Michael McKisson might be the most passionate cycling advocate in Tucson.
McKisson runs Tucson Velo, a blog dedicated to news from the local cycling community. It’s rare for a day to pass without an update on the site. He writes about a range of topics, everything from races and accidents to new publicly-funded bicycle infrastructure projects.
"There’s a pretty vibrant bicycling community in Tucson and there’s a lot of stuff happening," he said.
And while accolades for the city as a cycling destination have come from people like George Hincapie, a veteran of 17 Tour de France races who recently named Tucson as one of his 10 favorite riding locations in the U.S., McKisson and others think the city could do more to promote rider safety.
Last year, three cyclists were killed in collisions with motor vehicles. McKisson said, while Tucson has had a spotty reputation for safety, he thinks the problem is getting worse.
"Cyclist and pedestrian safety has been an issue we’ve had in Tucson for quite sometime. I think there’s lots of reasons for that, the League of American Bicyclists have not rated us platinum for a couple reasons, but one of the things they cite is our safety, our lack of safety," he said. "I think it’s an increasing problem, because people are driving more distracted. I can count...the number of drivers that I see on any given commute who are texting while driving.”
Cycling advocates also criticize the city for the way grants from the Regional Transit Authority have been used for increasing bicycle traffic enforcement, a tactic that puts more officers on the streets to hand out tickets. Instead they say the money could be used to educate drivers and cyclists about how to better share the road.
“I think one of the other big challenges we face, not only in Tucson, but in all of Arizona, is how to coexist," said Emily Yetman, the executive director of Living Streets Alliance. The nonprofit is dedicated to creating walkable and bikeable neighborhoods in the Tucson metro area.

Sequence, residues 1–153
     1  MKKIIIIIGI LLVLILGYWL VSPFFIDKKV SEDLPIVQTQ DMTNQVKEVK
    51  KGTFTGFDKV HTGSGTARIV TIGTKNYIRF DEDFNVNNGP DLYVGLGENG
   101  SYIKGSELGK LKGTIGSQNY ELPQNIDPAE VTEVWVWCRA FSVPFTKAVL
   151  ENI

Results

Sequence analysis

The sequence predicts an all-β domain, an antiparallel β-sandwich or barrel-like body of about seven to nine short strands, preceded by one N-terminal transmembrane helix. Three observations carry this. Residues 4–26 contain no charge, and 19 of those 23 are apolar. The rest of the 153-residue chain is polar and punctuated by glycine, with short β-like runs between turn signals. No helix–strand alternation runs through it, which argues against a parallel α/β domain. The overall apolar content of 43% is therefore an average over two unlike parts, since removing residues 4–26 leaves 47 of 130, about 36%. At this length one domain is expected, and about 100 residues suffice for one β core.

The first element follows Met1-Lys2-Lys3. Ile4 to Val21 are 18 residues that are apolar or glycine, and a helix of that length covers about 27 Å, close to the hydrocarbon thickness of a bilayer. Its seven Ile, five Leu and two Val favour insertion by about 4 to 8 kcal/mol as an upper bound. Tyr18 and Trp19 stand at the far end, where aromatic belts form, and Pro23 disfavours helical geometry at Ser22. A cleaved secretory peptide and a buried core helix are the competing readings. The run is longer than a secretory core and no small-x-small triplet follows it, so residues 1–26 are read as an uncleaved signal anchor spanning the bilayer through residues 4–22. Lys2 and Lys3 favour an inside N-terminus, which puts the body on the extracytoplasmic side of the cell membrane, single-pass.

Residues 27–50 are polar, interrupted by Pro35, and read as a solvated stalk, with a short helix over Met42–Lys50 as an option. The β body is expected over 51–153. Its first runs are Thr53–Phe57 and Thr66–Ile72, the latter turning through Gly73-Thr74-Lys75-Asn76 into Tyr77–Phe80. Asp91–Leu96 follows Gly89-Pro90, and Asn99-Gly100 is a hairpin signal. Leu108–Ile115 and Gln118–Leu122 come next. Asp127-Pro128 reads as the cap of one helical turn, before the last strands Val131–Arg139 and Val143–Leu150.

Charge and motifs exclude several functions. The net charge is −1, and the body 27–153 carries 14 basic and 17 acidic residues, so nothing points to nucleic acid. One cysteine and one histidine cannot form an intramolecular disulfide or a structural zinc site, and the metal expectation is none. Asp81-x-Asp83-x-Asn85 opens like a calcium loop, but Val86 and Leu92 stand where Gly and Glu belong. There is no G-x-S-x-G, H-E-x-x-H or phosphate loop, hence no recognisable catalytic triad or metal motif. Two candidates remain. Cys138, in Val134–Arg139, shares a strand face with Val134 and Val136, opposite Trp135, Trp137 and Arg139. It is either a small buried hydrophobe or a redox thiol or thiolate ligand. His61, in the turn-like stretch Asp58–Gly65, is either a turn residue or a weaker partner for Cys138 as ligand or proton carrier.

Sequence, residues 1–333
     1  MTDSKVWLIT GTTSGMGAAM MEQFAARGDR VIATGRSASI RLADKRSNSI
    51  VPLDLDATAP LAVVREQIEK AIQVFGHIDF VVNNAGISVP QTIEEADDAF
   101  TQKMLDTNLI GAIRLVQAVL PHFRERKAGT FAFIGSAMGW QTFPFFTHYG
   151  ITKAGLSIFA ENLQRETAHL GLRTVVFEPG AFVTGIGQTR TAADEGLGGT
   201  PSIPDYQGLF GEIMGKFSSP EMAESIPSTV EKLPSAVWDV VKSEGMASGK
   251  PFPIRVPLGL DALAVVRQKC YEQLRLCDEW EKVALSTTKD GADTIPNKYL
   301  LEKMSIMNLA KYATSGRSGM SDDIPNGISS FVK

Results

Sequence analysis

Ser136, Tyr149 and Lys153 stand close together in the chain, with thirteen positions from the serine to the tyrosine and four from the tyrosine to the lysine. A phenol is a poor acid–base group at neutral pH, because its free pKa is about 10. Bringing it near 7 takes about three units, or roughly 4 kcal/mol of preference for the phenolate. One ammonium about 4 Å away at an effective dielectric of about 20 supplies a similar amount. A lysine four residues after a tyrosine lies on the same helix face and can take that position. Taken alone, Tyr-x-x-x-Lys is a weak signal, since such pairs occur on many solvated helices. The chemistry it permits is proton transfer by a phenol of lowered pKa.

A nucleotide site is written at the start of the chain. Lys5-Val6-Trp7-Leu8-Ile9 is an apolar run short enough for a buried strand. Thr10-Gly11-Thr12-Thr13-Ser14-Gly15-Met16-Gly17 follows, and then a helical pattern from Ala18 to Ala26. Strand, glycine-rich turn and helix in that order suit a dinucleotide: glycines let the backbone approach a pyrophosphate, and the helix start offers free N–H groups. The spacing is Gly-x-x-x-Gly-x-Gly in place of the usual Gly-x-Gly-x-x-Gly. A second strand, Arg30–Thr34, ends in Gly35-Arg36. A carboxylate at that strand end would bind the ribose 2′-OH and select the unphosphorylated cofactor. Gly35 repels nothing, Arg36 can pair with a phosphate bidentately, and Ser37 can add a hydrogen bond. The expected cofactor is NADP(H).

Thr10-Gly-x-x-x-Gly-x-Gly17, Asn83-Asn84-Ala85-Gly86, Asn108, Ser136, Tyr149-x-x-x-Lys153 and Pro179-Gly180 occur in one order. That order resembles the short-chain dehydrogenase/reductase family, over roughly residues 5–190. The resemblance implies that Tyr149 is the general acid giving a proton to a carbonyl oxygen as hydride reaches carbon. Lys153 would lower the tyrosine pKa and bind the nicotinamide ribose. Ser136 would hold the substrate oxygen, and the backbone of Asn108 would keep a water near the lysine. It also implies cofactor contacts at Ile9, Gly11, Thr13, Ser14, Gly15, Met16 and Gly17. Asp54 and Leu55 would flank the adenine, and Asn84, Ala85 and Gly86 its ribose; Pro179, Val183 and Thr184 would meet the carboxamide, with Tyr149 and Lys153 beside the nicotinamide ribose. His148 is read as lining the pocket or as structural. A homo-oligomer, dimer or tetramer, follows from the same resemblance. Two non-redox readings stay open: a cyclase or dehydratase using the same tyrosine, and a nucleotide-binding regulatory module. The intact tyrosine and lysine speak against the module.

She said one of the major complaints she hears from cyclists is the need for separated infrastructure on traffic-heavy streets such as Speedway Boulevard.
"There’s so much more we could do to design our streets with pedestrian and cyclist safety in mind," she said. "Whether that’s bicycle boulevards or creating separated bike lanes. (Construction that) clearly helps them be separate from fast moving traffic."
Tucson cyclists could see such change on the roads soon.
After the recent acquisition of a $5.5 million dollar grant from the RTA, the city is planning a number of separated bike lanes. Mayor Jonathan Rothschild said building this type of infrastructure makes sense.
“Over the course of the next three to four years, you’ll see those go in. Absolutely that is the single best way to help (cyclist safety), and it just makes for a far more bike-friendly community and it quite frankly just makes the roads look nicer," he said.
McKisson said looking at examples set by cities, such as Chicago and New York, Tucson could see a rise in the number of commuter cyclists once these separated bike lanes are in place.
“It takes a certain kind of person to feel that they can ride their bike on Speedway. You’re seeing in places like New York or Chicago...a huge uptick in the number and the types of people that are cycling," he said.
If that comes about in Tucson, the city’s reputation as a cycling community could keep growing in the future, he suggested.